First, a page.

Precipitation patterns and nutrient inputs affect transport of nitrate (NO3-N) and phosphorus (TP) from Midwest watersheds. Nutrient concentrations and yields from two subsurface-drained watersheds, the Little Cobb River (LCR) in southern Minnesota and the South Fork Iowa River (SFIR) in northern Iowa, were evaluated during 1996-2007 to document relative differences in timings and amounts of nutrients transported. Both watersheds are located in the prairie pothole region, but the SFIR exhibits a longer growing season and more livestock production. The SFIR yielded significantly more NO3-N than the LCR watershed (31.2 versus 21.3 kg NO3-N ha-1 y-1). The SFIR watershed also yielded more TP than the LCR watershed (1.13 versus 0.51 kg TP ha-1 yr-1), despite greater TP concentrations in the LCR. About 65% of NO3-N and 50% of TP loads were transported during April-June, and <20% of the annual loads were transported later in the growing season from July-September. Monthly NO3-N and TP loads peaked in April from the LCR but peaked in June from the SFIR; this difference was attributed to greater snowmelt runoff in the LCR. The annual NO3-N yield increased with increasing annual runoff at a similar rate in both watersheds, but the LCR watershed yielded less annual NO3-N than the SFIR for a similar annual runoff. These two watersheds are within 150 km of one another and have similar dominant agricultural systems, but differences in climate and cropping inputs affected amounts and timing of nutrient transport. © 2015.

Singer J.W.,2110 University Blvd | Chase C.A.,2110 University Blvd | Kohler K.A.,Iowa State University
Agronomy Journal | Year: 2010

Productivity rather than profitability is often used to compare agronomic systems. The objective of this study was to compare profitability of moldboard plow, chisel plow, and no-tillage with or without composted animal manure in a corn (Zea mays L.)-soybean [Glycine max (L.) Merr.]-wheat (Triticum aestivum L.)/clover (Trifolium spp.) rotation during three rotation cycles. Corn and soybean grain and seed yield exhibited a tillage × compost amendment interaction. Yield in moldboard and chisel plow with or without compost was similar, but yield in no-tillage with compost was 8 and 5% greater than without compost for corn and soybean. Wheat yielded 5% higher in moldboard and chisel plow than no-tillage and 4% higher in compost than no-compost amendment. Wheat returns were similar among tillage and 7% higher when compost was amended. Corn production with or without compost amendment had similar returns in moldboard plow. Corn in chisel plow with compost had 8% greater returns than the no-compost treatment. Corn in no-tillage with compost had 15% greater returns with compost amendment than without. Similar corn returns were generated for all tillage systems if compost was applied. Soybean production using no-tillage had 9% greater returns than without compost and greater returns than moldboard and chisel plow with or without compost. Summing returns across the three-crop rotation indicated cycling nutrients through compost application exhibits a functional synergy in no-tillage and chisel plow but not moldboard plow for these crops, which enhances their profitability. © 2010 by the American Society of Agronomy.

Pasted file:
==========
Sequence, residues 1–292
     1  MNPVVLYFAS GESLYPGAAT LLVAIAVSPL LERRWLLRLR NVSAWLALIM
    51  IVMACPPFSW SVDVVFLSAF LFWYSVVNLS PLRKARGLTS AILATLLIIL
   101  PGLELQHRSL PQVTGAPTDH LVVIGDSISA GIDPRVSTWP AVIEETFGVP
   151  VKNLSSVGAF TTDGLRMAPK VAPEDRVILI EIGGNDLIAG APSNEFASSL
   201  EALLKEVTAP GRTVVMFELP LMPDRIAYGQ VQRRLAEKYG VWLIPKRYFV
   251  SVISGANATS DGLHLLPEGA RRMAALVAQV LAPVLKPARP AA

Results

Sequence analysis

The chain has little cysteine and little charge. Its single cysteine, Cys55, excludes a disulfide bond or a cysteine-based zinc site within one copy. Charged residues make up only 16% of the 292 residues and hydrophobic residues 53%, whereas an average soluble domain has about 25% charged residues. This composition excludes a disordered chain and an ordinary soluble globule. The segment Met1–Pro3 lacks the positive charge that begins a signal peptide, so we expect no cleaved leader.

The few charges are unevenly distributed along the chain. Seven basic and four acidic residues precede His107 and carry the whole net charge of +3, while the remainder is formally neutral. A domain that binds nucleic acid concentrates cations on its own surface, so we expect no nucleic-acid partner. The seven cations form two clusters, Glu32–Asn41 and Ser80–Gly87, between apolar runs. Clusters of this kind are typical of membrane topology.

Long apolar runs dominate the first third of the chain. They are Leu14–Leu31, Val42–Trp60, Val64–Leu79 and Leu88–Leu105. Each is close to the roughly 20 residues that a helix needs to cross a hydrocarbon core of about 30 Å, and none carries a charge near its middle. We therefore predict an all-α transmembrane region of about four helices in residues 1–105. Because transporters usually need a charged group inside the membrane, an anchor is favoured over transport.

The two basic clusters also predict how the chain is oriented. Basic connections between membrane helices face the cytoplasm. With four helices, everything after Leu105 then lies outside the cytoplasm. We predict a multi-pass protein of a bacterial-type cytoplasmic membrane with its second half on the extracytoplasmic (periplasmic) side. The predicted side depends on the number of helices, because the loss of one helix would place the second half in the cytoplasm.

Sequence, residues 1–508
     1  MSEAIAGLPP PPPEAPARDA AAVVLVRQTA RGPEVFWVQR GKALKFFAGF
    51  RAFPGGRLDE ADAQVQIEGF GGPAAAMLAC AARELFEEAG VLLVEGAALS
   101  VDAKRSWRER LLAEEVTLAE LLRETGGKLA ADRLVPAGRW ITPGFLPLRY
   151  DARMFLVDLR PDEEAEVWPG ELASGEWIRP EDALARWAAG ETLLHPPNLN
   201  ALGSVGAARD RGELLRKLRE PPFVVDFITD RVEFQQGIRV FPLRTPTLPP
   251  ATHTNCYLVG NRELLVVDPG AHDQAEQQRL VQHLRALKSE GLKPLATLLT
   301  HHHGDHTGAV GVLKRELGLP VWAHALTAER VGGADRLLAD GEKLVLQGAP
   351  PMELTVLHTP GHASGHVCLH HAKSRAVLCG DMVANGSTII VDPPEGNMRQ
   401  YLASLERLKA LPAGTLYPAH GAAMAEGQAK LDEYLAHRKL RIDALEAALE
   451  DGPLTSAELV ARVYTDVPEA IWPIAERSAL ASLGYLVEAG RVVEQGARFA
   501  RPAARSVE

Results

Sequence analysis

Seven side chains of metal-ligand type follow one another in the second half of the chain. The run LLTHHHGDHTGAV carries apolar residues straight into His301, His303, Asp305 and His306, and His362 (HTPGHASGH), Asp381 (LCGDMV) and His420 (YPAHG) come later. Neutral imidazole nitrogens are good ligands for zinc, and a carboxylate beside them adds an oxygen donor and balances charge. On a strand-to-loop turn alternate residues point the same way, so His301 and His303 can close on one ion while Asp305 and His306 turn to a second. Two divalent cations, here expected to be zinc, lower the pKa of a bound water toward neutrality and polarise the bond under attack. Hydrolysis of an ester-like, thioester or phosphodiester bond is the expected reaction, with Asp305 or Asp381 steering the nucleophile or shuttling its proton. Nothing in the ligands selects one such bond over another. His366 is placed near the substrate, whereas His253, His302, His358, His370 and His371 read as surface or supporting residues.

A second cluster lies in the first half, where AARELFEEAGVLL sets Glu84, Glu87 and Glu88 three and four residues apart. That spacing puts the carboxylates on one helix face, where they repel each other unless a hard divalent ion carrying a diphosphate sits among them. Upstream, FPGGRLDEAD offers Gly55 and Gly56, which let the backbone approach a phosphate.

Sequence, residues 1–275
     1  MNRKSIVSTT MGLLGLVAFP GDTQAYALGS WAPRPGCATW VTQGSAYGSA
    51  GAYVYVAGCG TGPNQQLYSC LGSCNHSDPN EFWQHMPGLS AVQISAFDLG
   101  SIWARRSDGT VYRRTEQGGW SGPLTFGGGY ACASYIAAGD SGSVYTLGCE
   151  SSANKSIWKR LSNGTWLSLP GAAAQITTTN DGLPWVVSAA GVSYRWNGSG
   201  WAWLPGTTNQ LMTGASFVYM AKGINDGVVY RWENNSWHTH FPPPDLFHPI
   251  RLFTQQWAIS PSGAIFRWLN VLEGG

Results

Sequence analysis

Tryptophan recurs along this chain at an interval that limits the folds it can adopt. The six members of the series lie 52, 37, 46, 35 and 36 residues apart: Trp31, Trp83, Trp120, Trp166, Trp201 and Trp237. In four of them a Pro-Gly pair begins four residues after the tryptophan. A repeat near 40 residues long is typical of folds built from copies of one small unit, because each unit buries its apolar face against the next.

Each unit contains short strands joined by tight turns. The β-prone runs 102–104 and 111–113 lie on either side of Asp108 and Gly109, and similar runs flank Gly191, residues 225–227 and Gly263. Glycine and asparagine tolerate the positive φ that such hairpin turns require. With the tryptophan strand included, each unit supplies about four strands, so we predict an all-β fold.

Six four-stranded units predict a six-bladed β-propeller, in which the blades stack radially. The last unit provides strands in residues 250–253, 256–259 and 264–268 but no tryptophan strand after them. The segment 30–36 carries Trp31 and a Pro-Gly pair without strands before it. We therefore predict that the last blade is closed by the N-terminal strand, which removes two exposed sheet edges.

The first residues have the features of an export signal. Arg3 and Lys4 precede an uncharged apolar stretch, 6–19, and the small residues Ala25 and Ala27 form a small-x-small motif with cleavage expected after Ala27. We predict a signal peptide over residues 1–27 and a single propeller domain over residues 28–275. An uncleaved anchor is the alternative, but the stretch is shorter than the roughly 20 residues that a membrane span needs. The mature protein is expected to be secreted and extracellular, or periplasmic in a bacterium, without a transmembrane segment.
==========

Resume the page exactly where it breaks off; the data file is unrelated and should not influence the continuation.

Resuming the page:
Logsdon S.D.,2110 University Blvd | Malone R.W.,2110 University Blvd
Compost Science and Utilization | Year: 2015

Compost increases water-holding capacity and total porosity. Improved soil structure may increase volume of macropores, allowing better drainage, air-exchange, and root growth. The purpose of this study was to compare water retention curves and hydraulic conductivity for packed columns with and without additions of surface compost. Columns packed with subsoil (around 60 cm long) had either compost or topsoil added to the surface. Tensiometers and hydra probes monitored soil pressure head and water content during three wetting and evaporation cycles. The columns with compost had significantly smaller bulk density at the surface than columns with topsoil (0.87 versus 1.34 g cm-3). Surface compost amendment resulted in more water when satiated (0.617 versus 0.422 m3 m-3) and at -100 cm head (0.377 versus 0.276 m3 m-3) than for topsoil at the surface, indicating a greater fraction of larger pores for the compost amended. Whole column infiltration rate was significantly faster for columns with compost than without (1.46 versus 1.11 cm min-1); however, saturated hydraulic conductivity (rate water flows through soil) on soil cores was not significantly affected by compost. Subsoil water flow and drainage was not significantly affected by surface compost. For the subsoil, in-situ column drying was significantly drier than core drainage at the wet end. There were no significant differences in whole column or surface water retention or evaporation rate. Perhaps the trend towards better water-holding capacity in the compost treatment was offset by larger pores and faster drainage, resulting in no significant difference between compost and topsoil. © 2014, Taylor and Francis Inc. All rights reserved.